Correspondence: Religion and Socialism

Northfleet, Kent.
The Editorial Committee.
Dear Sirs,—I have been a reader of your journal for nearly two years now, and I am always delighted by the vigorous articles in it
I am in basic disagreement with your analysis of the world’s problems. I don’t think that merely a change in system will solve them. You assume that everybody will be perfectly selfless and take no advantage of their freedom to take just what they like, with no regard to their real needs. You may dispense with money and all the trappings of the capitalist system, but you have not changed human beings at all. The world is in the state it is because people are naturally sinful and greedy. Everybody is sinful to some degree, both capitalists and workers. You must change people, not the system.
Yours faithfully,

★ ★ ★

Windermere, Westmorland.
Dear Sir,—If the debate “Socialism Versus Religion” in your last issue was fairly reported, it was a farcical affair. I wonder if, in the first place, whether it was really necessary. Is Socialism then at odds with religion? To many of us it is the practical application of religious philosophy. Some churches might have been at odds, or still might be; but if the New Testament is read aright one can find very much to support Socialism, and nothing at all to oppose it on any count. Was Jesus born privileged? Did he live in opulence? Was he given a grand state funeral? He was born in a stable, lived in poverty, and suffered a state execution. He condemned the rich in no uncertain manner, and preached equality with and responsibility to one’s neighbour.
In the past the church was condemned by Socialists because it condoned the evil order of things. But must religion be condemned for the sins of the church? Jesus did not belong to any church, and was in fact arrested and executed for his opposition to the state church.
In the second place, I cannot for the life of me see how on earth a Christian can produce “evidence” of the existence of God; or how anything like a group that calls itself the “Catholic Evidence Guild” can exist for that purpose. How can a sighted man produce evidence of the existence of light to a man totally blind from birth? Especially if the blind man does not want to believe in its existence anyway? Evidence of the existence of God is everywhere, even in the innermost conscience of Comrade Jarvis; but no one can make anyone else accept that evidence if he does not want to do. A true Tory would not accept the fact of bad working and living conditions among workers in a particular industry as “evidence” of the evils of capitalism. Nor can a materialist accept life, beauty, nature, the testimony of millions who have felt “religious experience” as evidence of the existence of God. He has not the eyes to see.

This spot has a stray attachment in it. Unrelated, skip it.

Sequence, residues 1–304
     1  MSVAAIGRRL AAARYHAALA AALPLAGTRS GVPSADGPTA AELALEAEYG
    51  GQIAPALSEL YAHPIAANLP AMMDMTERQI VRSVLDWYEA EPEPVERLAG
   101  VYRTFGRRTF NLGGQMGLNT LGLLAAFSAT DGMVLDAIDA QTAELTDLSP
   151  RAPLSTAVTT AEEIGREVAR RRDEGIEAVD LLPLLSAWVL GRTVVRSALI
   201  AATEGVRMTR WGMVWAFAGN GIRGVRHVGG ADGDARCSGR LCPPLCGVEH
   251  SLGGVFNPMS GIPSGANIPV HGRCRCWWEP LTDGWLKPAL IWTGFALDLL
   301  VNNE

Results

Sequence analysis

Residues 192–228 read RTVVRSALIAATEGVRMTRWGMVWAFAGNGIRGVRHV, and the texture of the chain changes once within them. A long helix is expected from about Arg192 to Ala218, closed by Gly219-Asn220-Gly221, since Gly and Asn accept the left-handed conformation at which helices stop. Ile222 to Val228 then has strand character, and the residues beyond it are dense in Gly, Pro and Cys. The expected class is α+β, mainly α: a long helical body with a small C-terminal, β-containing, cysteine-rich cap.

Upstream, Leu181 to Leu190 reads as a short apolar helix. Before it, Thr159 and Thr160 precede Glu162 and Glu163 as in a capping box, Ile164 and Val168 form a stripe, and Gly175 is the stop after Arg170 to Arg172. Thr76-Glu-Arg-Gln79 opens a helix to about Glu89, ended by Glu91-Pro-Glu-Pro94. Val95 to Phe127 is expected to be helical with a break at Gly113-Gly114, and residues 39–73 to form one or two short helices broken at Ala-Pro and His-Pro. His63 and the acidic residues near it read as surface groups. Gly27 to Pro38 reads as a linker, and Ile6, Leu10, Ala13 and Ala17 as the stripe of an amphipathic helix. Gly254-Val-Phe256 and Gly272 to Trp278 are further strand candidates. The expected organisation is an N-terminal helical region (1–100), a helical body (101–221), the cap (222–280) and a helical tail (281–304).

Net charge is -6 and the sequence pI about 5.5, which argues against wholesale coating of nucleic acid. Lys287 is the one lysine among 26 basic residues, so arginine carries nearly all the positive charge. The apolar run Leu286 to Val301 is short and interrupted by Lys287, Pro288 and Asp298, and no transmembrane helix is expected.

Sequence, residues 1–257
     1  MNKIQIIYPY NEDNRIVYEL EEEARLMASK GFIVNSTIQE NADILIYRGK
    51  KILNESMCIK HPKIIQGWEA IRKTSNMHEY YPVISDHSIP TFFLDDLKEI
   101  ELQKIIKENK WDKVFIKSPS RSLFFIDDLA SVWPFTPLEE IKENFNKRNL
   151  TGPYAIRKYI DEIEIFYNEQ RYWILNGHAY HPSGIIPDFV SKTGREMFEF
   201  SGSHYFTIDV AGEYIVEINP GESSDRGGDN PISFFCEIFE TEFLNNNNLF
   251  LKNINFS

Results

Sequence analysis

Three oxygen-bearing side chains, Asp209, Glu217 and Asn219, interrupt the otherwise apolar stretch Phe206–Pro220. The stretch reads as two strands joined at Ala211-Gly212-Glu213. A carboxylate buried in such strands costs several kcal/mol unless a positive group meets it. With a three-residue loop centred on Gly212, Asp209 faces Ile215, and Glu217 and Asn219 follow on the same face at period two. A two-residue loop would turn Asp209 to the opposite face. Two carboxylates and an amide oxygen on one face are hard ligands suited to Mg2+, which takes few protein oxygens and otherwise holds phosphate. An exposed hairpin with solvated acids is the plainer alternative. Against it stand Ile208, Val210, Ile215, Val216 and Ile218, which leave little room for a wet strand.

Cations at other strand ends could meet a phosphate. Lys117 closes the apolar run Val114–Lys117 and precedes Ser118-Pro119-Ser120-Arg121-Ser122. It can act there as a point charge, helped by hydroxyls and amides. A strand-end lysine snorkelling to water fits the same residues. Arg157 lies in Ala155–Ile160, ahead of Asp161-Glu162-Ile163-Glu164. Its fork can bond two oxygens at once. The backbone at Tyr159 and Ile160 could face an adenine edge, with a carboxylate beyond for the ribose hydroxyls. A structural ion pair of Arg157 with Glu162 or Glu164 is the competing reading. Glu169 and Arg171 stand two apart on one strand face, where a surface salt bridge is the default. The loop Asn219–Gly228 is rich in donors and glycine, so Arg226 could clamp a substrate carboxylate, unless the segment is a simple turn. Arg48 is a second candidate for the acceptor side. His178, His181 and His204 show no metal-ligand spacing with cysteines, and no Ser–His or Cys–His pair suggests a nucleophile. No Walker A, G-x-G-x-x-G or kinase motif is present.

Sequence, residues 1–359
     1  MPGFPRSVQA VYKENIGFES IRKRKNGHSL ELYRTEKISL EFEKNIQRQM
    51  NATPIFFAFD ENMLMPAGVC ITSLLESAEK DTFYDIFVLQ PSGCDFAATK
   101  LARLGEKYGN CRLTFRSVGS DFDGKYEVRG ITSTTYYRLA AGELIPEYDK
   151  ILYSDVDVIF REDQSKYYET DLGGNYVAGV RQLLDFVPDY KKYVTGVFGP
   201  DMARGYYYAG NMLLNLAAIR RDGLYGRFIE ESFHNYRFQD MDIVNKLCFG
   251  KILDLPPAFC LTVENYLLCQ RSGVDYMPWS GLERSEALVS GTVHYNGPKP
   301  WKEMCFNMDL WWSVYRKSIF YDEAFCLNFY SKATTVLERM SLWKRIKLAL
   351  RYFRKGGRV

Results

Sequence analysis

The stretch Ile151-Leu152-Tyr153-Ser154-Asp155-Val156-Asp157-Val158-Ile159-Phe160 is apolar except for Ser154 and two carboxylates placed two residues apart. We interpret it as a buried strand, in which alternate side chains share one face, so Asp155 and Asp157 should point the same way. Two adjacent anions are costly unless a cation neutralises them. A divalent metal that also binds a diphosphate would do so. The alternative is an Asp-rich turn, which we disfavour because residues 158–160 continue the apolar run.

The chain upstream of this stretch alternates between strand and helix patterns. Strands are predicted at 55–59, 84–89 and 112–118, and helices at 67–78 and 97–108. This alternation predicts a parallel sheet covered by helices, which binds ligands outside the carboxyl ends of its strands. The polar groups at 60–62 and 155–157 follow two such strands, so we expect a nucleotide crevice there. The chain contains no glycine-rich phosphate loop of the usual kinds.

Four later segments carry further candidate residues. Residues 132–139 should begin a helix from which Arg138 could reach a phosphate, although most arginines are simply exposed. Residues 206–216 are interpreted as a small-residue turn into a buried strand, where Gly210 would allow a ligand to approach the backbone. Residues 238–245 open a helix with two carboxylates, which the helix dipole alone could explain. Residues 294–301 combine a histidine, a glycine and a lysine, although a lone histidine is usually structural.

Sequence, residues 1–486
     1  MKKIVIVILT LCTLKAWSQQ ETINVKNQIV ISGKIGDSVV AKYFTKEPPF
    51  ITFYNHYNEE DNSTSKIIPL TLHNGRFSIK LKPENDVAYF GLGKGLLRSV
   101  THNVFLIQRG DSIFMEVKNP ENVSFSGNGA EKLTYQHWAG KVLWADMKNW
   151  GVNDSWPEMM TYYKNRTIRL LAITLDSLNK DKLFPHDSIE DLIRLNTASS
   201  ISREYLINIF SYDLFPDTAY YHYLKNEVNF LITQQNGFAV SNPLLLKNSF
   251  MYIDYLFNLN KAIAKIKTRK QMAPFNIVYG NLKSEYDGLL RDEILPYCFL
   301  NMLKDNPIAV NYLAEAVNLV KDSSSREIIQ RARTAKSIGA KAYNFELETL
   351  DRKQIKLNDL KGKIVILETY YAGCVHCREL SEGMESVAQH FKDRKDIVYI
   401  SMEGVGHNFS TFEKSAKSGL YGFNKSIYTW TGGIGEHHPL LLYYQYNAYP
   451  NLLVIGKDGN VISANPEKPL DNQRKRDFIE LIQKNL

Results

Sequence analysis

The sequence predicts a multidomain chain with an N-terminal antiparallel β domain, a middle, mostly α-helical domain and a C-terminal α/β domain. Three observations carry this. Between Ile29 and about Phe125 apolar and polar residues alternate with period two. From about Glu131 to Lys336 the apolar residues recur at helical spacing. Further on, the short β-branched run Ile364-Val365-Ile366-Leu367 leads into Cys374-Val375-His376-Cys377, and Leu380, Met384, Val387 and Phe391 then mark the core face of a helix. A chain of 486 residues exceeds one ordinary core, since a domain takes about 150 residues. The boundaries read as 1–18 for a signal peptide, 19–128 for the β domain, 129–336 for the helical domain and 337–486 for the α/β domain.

One need not believe in the virgin birth, the miracles, or the divinity of Jesus to find God. Nor need one necessarily attend a church.
One thing is certain: if religion is a delusion, then it is a strange delusion, because millions have been persecuted and have been put to death because of it, and have faced death bravely and happily. If religion is delusion, then Socialism is delusion—life itself is delusion!
There are many thousands of Socialists who are Socialists because of, not in spite of, their religion. They may not broadcast the fact, because religion is a very personal possession and it cannot be adequately expressed in words. Words are for material things.
Yours sincerely,

★ ★ ★

Dundee, Scotland.
To the Editor.

Religion and Socialism

In a report of a debate on Socialism versus Religion that appeared in the June issue of the Socialist Standard, Mr. Jarvis, who represented the Socialist case against religion, said: “There can be no religion without God, although there can be religious ritual and paraphernalia without God.” Now if there is any logic in the first part of this statement, I take it to be this: the existence of religion presupposes a belief in the existence of God, one could not exist without the other. If this is true, then Mr. Jarvis must be talking in riddles when he asks his opponent for proof of the existence of God, as he has already given proof by his own statement that religion could not exist without God. And from this logic I take it, seeing that the Christian religion and the religion of Islam exists, so then must God. But if God does not exist at all, which, of course, is the Socialist view, how does Mr. Jarvis reconcile this view with his own statement that religion would not exist without God?

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